Quickly becoming one of 2017's top-grossing films in the global box office, it's clear that Jumanji is more than just your average remake. Although the movie does rely extremely heavily on the talent of its lead cast members, the concept is just as unique and quirky as ever, only further added to by the up-to-date backdrop.

Speaking of the concept, if you aren't familiar with the basic story, the whole narrative of the film can be summed up as follows: four teenagers are sucked into a video game and become the on-screen avatars they chose, forced to work together and overcome their fears in order to beat the game and attempt to win their passage home. Put like that, it's an incredibly simple idea, yet it's undeniably innovative and still just as exciting as it was back when the original Jumanji movie was released.

However, it's not just the action-packed sequences and adventurous element that keep you glued to the screen. Strip away all the fluff and its core this is a coming-of-age story, where the characters must grow and develop, working alongside one another and becoming better people as we progress through the film.

Of course, there is also a liberal dose of humour, largely related to the scenario the teenagers have found themselves in. Jack Black undeniably steals the show as Bethany/Professor Shelly Oberon, somehow managing to perfectly portray all the emotions of a selfie-mad teenage girl who suddenly finds herself trapped in the body of an overweight middle-aged man.

That being said, it's no secret that this whole movie is held together by its stellar line-up. Jack Black is joined by the powerful trio of Dwayne 'the Rock' Johnson, Karen Gillan and Kevin Hart to complete the main quartet, yet Nick Jonas' Alex provides the perfect finishing touch.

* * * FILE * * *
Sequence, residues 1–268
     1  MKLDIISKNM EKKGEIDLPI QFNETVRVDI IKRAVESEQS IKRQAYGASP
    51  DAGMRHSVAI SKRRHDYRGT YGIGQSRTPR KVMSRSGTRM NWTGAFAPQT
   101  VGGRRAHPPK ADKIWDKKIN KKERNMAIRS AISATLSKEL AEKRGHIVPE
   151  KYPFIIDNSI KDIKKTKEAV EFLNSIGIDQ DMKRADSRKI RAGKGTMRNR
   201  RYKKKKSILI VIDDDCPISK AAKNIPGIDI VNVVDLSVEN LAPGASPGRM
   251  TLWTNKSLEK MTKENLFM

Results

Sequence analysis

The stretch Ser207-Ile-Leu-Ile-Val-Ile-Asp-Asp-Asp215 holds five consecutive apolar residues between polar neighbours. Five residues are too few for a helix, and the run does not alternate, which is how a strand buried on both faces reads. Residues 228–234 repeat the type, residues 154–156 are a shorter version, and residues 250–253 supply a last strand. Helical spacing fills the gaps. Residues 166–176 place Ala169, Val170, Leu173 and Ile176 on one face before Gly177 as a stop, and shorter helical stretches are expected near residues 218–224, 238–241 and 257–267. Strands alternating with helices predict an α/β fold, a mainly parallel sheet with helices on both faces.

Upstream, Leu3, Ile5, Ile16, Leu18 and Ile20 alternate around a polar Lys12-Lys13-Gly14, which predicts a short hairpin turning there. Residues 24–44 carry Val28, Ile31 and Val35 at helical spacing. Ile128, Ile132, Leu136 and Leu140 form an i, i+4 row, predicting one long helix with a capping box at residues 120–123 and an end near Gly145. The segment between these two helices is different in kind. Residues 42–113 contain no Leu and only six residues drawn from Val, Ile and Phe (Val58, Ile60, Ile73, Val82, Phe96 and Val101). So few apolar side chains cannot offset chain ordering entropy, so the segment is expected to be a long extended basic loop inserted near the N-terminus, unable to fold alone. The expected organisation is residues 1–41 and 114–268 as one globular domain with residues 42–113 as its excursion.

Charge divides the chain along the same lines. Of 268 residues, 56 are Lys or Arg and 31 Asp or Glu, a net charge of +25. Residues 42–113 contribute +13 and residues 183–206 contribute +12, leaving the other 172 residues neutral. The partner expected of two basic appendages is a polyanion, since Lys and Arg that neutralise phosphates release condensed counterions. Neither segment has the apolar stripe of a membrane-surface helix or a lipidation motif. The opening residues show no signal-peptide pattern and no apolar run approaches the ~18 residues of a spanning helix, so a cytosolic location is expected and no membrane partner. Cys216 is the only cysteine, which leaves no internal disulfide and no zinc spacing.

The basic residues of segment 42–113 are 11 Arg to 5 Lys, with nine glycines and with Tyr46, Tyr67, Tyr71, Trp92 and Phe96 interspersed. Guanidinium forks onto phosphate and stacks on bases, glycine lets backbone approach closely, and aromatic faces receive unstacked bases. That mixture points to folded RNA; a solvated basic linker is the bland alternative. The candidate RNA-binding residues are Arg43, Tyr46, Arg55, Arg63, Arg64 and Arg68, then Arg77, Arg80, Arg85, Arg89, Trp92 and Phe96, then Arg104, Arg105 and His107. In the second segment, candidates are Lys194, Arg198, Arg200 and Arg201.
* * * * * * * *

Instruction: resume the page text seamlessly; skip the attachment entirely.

Fresh, exciting and exhilarating, Jumanji: Welcome to the Jungle is certainly no shoddy remake.

Have you seen the film? What did you think? Share your thoughts in the comments below!

Tuesday, 9 January 2018

Interview: John Biscello

This week, I'm sitting down for a chat with author John Biscello to learn all about his life, his writing and, of course, his latest novel Raking the Dust.

Firstly, tell me a little about yourself and your background.
I was born-bred-and-raised in Brooklyn, New York. I moved to the dusty wonderland of Taos, New Mexico in 2001, where in many respects I’ve become quite “de-cityfied,” though I’ll always remain a Brooklyn boy at heart. I’m an author, playwright, poet, performer, and I teach drama at an arts-integrated charter school.
How did you first become interested in writing?
Hard to say the exact moment, as I’ve been writing stories for as long as I can remember. I’ve always loved entering other worlds and realities and at some point, writing became my primary way of doing that or the way which felt very right for my soul. Or another way of saying that, there was an ease of fluency that allowed much of my soul to enter into stories and language.
raking-the-dust, john-biscello, book

Tell me about Raking the Dust.